An experimental four-day working week in 12 businesses is to continue after being described as completely successful.
The project was backed by the trade union Fórsa, and carried out in partnership by Four-Day Week Ireland, UCD, and Boston College.
All of the 12 companies that took part in the six-month trial will continue – with just three uncommitted to keeping it long-term.
Impact on revenue
Six of the firms reported monthly revenue growth, with one seeing a decline and two saw reductions in energy usage.
The companies' average rating for the trial was 9.2 out of ten.
A full 100% of the workers said they would prefer a reduced working schedule, reporting improved life satisfaction and wellbeing.
Stress, burnout, fatigue, and work-family conflict significantly declined, and average sleep times increased.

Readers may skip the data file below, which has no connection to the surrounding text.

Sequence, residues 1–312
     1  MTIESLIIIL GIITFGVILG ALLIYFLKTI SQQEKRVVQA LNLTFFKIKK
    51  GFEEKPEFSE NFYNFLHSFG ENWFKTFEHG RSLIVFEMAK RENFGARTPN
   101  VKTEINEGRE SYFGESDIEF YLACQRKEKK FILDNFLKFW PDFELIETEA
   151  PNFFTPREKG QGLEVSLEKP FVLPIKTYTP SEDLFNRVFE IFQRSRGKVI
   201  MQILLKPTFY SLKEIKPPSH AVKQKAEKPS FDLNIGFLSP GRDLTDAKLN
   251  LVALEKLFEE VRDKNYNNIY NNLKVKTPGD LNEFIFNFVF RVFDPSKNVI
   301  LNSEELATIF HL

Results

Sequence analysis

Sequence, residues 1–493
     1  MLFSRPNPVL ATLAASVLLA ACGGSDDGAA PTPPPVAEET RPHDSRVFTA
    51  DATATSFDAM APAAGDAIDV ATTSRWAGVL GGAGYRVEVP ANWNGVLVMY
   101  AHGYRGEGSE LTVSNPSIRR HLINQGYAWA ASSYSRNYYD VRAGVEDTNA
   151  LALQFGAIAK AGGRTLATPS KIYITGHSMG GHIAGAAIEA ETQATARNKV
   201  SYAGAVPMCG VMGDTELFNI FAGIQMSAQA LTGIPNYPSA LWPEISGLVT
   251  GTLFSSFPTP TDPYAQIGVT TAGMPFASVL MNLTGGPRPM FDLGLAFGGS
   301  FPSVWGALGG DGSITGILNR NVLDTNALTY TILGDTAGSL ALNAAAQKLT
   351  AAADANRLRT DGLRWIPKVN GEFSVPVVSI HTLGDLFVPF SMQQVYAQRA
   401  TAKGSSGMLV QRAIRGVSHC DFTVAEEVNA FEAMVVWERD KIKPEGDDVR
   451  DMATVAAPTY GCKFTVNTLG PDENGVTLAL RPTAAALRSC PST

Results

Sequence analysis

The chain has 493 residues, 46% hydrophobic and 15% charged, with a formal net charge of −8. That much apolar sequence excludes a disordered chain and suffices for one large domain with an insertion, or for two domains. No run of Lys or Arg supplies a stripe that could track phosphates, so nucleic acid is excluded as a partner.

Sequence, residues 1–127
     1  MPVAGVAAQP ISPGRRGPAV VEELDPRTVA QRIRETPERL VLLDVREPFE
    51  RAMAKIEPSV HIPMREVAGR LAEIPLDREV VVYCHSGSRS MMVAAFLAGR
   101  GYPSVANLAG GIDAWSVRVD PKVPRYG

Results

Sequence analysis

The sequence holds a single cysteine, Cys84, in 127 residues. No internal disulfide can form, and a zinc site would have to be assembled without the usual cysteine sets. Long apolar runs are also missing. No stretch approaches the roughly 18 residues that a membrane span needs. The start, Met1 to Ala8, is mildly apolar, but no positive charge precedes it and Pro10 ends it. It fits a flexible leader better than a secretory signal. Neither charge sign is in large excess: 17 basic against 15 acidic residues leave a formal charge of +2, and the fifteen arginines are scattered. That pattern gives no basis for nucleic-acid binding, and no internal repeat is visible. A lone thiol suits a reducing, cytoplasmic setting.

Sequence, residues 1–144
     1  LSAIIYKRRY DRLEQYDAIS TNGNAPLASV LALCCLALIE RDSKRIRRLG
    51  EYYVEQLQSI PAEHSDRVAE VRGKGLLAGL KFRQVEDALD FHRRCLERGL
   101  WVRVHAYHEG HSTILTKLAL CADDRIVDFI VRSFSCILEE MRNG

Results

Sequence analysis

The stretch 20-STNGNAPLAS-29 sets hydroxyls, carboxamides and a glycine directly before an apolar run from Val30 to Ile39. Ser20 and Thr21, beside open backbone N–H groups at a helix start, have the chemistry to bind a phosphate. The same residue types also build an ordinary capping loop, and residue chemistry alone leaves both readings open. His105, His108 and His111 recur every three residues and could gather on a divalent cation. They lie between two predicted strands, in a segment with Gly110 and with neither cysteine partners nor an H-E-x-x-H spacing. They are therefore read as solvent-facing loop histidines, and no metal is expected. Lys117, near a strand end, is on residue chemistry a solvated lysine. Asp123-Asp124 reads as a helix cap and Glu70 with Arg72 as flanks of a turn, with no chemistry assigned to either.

"Our findings hold important lessons for the future of work in this country," UCD's Dr Orla Kelly said, presenting the report.
"The trial was particularly successful for women, who reported a significantly greater improvement in life satisfaction, larger gains in sleep time, and feeling more secure in their employment," she said on radio.
The biggest gain was that workers felt less time-stressed, using their free day to carry out chores, leaving weekends free for leisure.
General Secretary of Fórsa Kevin Callinan said that the research highlighted the need for a more balanced work-life schedule.
"The four-day week can be at the forefront of a new age of work, providing transformative social benefits without losing pay or productivity," Mr Callinan commented.